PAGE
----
Nabisco makes some really good stuff.
There is the Oreo Cookie, Ritz Crackers, Chips Ahoy!, and Fig Newtons just to name a few.
Nabisco also made baseball cards. I know a lot of collectors don't like the off-brand food cards from the 1990s for the same reasons that they do not like the current run of Panini cards. The logos are airbrushed out on the players uniforms.
I generally agree, but it's Nabisco. I put them ahead of Panini because of their delicious snack foods, but they also they also make a much better baseball card. Nabisco has come up with some quality cards in the past. Logos or not, the 1993 All-Star Legends autograph set has a really strong checklist. Honestly, I don't care that Don Drysdale doesn't have a Dodgers logo. I don't care that they made the Dodger blue a little darker. This is a great card.
Well, in my quest to find some cards of former Durham Bulls players this summer, I ran across several who appeared in a Nabisco set from Canada. The set is called Nabisco Tradition. No word on whether Fleer ripped off the name from Nabisco later in the 1990s when they rebranded their base set. I am a little unclear on all the details behind the product, but there are a total of 36 cards in the set that is divided evenly between Expos and Blue Jays players. All of the cards featured players from previous Expos and Blue Jays teams, no current members of the teams were included.
As far as the Durham Bulls cards that I picked up, there were three cards in all. Each a name the average baseball fan from the 1970s and 1980s would recognize. The two appeared for the Bulls in the 1960s, the other in 1970.
Let's look at the cards.
The lone Blue Jay in my trio will be first.
Cliff Johnson was on the Blue Jays at the end of his career, which was in the mid 1980s. I remember getting his cards as a kid. Always on the Blue Jays, maybe a Rangers card or two in there too. He appeared on the Durham Bulls while the team was in their weird late 1960s/early 1970s phase. By weird, I mean Cliff Johnson actually played for the Raleigh-Durham Triangles.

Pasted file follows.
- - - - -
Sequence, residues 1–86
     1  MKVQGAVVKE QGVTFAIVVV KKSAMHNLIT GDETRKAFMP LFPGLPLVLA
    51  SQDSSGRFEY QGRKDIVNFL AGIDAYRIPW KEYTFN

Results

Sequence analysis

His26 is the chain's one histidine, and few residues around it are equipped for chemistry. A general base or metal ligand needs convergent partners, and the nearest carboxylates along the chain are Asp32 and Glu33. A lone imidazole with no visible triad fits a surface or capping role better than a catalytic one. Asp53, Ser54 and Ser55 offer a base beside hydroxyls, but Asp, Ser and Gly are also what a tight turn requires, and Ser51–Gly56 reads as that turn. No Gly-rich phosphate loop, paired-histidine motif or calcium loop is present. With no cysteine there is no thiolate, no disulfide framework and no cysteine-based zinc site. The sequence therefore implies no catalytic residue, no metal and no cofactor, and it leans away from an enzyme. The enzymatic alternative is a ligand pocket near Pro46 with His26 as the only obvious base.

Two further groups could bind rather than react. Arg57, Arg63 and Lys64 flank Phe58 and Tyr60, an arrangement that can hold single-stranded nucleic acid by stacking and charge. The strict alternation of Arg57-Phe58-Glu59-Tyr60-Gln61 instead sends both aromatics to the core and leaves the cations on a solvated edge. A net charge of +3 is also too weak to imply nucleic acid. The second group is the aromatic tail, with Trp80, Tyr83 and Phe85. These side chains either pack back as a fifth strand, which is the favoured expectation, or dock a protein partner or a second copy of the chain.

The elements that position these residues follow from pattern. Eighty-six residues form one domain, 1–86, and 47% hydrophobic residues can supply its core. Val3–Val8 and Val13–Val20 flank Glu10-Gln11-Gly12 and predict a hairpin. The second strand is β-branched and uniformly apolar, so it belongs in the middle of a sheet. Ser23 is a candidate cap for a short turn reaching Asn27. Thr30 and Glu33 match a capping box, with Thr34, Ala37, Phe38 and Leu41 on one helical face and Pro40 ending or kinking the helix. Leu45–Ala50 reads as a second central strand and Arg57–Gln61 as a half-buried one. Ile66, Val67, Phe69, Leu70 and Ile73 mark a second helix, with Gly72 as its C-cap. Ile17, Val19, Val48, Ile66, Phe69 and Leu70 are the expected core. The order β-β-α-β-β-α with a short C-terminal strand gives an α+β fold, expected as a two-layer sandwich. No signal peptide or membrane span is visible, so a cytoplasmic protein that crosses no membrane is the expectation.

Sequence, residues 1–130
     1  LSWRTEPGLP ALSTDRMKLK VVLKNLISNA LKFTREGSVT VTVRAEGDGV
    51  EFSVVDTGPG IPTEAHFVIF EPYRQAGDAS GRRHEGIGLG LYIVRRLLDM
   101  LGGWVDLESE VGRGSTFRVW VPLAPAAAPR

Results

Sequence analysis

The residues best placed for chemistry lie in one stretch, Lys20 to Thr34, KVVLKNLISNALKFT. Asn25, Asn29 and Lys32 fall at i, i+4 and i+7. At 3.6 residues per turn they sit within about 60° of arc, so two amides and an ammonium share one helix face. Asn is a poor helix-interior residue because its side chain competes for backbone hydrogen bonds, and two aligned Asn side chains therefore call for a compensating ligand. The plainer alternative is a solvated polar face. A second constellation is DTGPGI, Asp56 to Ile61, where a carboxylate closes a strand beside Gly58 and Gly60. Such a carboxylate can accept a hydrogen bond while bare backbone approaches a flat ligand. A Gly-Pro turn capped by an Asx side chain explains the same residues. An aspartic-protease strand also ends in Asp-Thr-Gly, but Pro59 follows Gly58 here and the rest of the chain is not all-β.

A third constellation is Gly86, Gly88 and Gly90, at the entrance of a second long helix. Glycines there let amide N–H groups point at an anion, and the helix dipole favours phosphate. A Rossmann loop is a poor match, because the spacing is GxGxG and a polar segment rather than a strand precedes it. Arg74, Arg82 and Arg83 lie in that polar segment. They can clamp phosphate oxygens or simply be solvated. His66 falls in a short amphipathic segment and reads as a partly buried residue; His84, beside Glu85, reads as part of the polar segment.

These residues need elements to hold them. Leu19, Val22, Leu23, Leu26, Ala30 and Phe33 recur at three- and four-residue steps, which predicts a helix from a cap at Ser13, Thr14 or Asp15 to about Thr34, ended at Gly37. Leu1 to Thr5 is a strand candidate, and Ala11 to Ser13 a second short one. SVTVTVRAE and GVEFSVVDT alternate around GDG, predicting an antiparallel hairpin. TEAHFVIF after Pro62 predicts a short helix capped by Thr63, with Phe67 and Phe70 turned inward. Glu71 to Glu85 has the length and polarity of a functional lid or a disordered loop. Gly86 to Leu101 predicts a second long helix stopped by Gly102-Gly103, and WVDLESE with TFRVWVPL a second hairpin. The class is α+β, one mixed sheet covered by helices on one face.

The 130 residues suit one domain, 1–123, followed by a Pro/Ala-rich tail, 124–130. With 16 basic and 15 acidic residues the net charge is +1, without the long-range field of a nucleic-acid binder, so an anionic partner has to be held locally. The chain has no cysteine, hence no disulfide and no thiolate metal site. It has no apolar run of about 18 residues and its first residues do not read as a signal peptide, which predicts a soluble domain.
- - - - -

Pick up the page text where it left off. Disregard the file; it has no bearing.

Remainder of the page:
I like that there is an explanation of the Expos logo.
Staub appeared for the Durham Bulls in 1962 after the Houston Astros drafted him out of high school. He was the Carolina League MVP that season. The Bulls had Joe Morgan pass through town the following season, and the team retired his jersey. Wish the team would do something similar for Staub. At least give him a bobblehead.
This is the part of the post where I advertise something.
Do you like podcasts?
I like baseball podcasts, started listening to them about two years ago. One of my favorites is Baseball Beyond Batting Average. Basically, it's two knowledgable baseball fans talking about all things baseball with a heavy lean on numbers. If you don't like statistics, you're a big fan of the game-winning RBI, it's probably not going to be your cup of tea.
Even if you don't decide to listen to the podcast, the two guys who make the Podcast have great baseball card related accounts on Twitter. One is Baseball Card Backs and the other is IDrawBaseballCards.
The last episode of Baseball Beyond Batting Average was all about underrated players from the 1970s. They did a great job of picking out two players at each position who need a little more appreciation for their career numbers. They won me over at Gene Tenace, but Ken Singleton also came up as one of those players. I completely agree, more people should pay attention to Ken Singleton. Not sure you could convince me he's a Hall of Famer, but he's at worst in the Hall of Very Good Players. Maybe if he were playing today, with the heavier slant on advanced stats, more people would appreciate him.
Singleton briefly played for the Durham Bulls. (Checks notes)
Singleton briefly played for the Raleigh-Durham Mets.
He also had three great years playing with the Expos in the early 1970s. Singleton was originally on the Mets, but was traded to Montreal for Rusty Staub early in his career. Apparently he set the team RBI record in 1973. You learn something new everyday.
The back would be better if they had included a fact that had something to do with Ken Singleton. He was not on the Expos in 1978, so he did not hit one of the 8 home runs against the Braves during that game. If Nabisco can come up with a Cliff Johnson specific highlight, they can come up with something for Ken Singleton.
More 1970s Durham Bulls next week.